12. On the question of relevant purpose (vide Section 4), also the purpose on which the instant requirement of the opposite parties is based, is certainly one, which would come within the residuary clause 'other purposes',--be it considered in the light of ejusdem generis that is, as akin to a purpose, contemplated under Clause (b), namely, business purpose, or, under the wider interpretation of 'other purposes', which of course, would be extreme or of an omnibus character. In this view, the petitioner's objection under this head, also, must fail and we would overrule it.
13. On the question of bona fide requirement from the point of view of the opposite parties' means, the records, no doubt, do not contain much evidence on the point and there is also no specific finding in favour of the opposite parties by any of the courts below. It is to be remembered, however, that this aspect of the matter was not mooted by the petitioner in his objection or at the time of argument before the learned trial Judge or before the lower appellate court or even in the grounds of the present Rule. In this state of things, we are not inclined to entertain this contention, raised for the first time in this Court, or to allow or accept it, particularly when, on the evidence as it stands, the question of means does not appear to be wholly against the opposite parties. In the above view, we would overrule also this submission of Mr. Lala.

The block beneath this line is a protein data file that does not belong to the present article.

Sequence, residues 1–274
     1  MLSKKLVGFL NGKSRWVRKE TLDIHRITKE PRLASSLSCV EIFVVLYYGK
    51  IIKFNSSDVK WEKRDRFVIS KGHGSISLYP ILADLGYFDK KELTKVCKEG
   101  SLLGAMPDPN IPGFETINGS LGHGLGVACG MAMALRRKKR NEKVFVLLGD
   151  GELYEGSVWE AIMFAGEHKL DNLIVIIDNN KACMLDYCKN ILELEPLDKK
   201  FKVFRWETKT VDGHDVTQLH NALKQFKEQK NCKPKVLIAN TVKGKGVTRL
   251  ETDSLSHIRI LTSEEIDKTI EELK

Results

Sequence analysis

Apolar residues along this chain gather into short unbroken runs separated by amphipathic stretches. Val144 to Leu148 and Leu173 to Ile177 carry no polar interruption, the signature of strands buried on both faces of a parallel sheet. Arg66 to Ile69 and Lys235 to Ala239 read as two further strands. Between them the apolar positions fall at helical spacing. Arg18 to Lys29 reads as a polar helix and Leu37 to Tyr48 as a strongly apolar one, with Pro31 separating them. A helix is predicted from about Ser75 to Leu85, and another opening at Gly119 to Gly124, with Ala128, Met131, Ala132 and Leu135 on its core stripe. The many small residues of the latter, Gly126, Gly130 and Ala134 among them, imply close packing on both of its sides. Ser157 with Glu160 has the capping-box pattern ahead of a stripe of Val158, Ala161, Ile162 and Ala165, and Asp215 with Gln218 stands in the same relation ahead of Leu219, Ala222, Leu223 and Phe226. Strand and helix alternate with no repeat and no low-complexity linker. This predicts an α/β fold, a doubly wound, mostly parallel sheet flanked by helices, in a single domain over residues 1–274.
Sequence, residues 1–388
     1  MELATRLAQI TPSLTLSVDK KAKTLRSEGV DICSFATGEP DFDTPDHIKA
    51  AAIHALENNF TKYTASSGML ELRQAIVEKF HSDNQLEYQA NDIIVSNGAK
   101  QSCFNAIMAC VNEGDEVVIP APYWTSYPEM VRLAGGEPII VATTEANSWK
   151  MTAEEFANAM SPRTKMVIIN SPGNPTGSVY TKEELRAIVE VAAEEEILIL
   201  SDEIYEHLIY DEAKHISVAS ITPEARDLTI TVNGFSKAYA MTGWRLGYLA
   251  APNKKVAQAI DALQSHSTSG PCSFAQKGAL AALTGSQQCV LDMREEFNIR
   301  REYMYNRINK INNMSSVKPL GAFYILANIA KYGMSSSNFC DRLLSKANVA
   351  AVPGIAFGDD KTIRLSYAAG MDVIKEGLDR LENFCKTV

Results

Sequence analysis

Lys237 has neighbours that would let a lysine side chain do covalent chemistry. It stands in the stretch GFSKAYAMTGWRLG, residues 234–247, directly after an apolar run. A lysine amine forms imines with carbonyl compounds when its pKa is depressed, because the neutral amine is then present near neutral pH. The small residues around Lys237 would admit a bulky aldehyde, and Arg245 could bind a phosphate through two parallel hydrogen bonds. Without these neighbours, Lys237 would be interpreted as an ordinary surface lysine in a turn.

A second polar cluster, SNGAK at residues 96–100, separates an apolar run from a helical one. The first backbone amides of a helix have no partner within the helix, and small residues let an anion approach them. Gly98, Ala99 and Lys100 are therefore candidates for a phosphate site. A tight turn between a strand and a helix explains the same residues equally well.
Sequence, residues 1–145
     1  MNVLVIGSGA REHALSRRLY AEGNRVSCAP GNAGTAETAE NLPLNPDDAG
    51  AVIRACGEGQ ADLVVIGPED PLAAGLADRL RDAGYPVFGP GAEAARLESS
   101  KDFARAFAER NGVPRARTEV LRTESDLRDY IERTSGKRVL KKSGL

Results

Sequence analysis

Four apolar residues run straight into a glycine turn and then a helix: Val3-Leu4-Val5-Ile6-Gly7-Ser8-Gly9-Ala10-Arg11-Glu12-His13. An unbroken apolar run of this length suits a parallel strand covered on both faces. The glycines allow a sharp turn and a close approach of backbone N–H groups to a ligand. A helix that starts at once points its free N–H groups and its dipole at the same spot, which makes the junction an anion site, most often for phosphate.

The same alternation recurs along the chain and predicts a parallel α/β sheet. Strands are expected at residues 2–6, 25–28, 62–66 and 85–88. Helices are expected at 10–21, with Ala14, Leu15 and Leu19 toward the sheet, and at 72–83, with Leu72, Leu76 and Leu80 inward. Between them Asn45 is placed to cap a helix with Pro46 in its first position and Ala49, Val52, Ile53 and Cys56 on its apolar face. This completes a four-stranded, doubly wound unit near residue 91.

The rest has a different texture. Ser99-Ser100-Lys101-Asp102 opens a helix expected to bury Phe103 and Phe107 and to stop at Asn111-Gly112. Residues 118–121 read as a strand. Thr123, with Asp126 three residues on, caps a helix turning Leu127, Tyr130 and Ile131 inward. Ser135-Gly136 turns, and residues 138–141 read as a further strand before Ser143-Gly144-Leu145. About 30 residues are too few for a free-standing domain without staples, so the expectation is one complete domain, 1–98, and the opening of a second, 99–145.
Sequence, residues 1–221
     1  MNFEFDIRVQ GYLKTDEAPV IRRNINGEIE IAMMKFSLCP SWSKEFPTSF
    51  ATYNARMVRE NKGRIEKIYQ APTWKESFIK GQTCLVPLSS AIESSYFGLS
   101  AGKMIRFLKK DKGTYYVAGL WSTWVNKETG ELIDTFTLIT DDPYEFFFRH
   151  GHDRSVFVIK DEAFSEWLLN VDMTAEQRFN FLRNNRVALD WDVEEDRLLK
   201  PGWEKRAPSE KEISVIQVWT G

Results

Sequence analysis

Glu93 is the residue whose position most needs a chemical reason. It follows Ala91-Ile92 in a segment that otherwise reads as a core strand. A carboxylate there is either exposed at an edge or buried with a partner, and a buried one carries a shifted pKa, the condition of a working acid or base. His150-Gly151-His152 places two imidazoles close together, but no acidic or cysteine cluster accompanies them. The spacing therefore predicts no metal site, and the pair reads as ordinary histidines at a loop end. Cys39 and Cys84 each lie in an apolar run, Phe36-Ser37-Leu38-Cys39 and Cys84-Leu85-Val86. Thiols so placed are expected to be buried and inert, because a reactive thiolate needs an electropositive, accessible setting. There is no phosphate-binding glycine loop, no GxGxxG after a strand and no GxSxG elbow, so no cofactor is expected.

14. On the point of limitation, the matter appears to be concluded by the decision of the Special Bench of this Court in Asmat Ali v. Mujahar Ali, 52 Cal WN 64 = (AIR 1948 Cal 48), and, accordingly, this point also must be decided against the petitioner.
15. On the question of the opposite parties' occupation or possession of contiguous plots, the finding of fact has concurrently been made in favour of the opposite parties by the two courts below and the same has to be accepted. But a point was raised that the opposite parties' title to such occupation or possession had not been established and reference was made to the cadastral survey records for the purpose. The revisional records, however, are in favour of the opposite parties and, over and above that, it is clear from the evidence on record that the tenants, if any, in respect of the said plots under the opposite parties or their predecessor had lost possession or had been dispossessed by the landlord for more than six years, which would prima facie extinguish the so-called tenants' title. In this state of things, the prima facie finding on the question of title must also be in favour of the opposite parties. Upon this view, the point of the opposite parties' occupation of contiguous lands must also be decided in their favour, as found by the two courts below.
16. Lastly, we come to the question of compensation. On this point, the two courts below have differed but, in our opinion, the lower appellate court has made the correct approach, so far as this aspect of the matter is concerned. The petitioner made the improvements, if any, at his own risk. His purchase was subject to the opposite parties' right of pre-emption. If he (petitioner) made any improvements in the meantime, he did so at his own risk and, when the relevant statute does not provide for any compensation, although, in other respects, it has dealt with the rights of the parties in detail, and when, further on equitable consideration alone, the matter would not stand differently here, it is not open to the petitioner to claim any compensation in the instant case.
17. In the premises, this Rule will fail and it will be discharged.
18. There will be no order as to costs.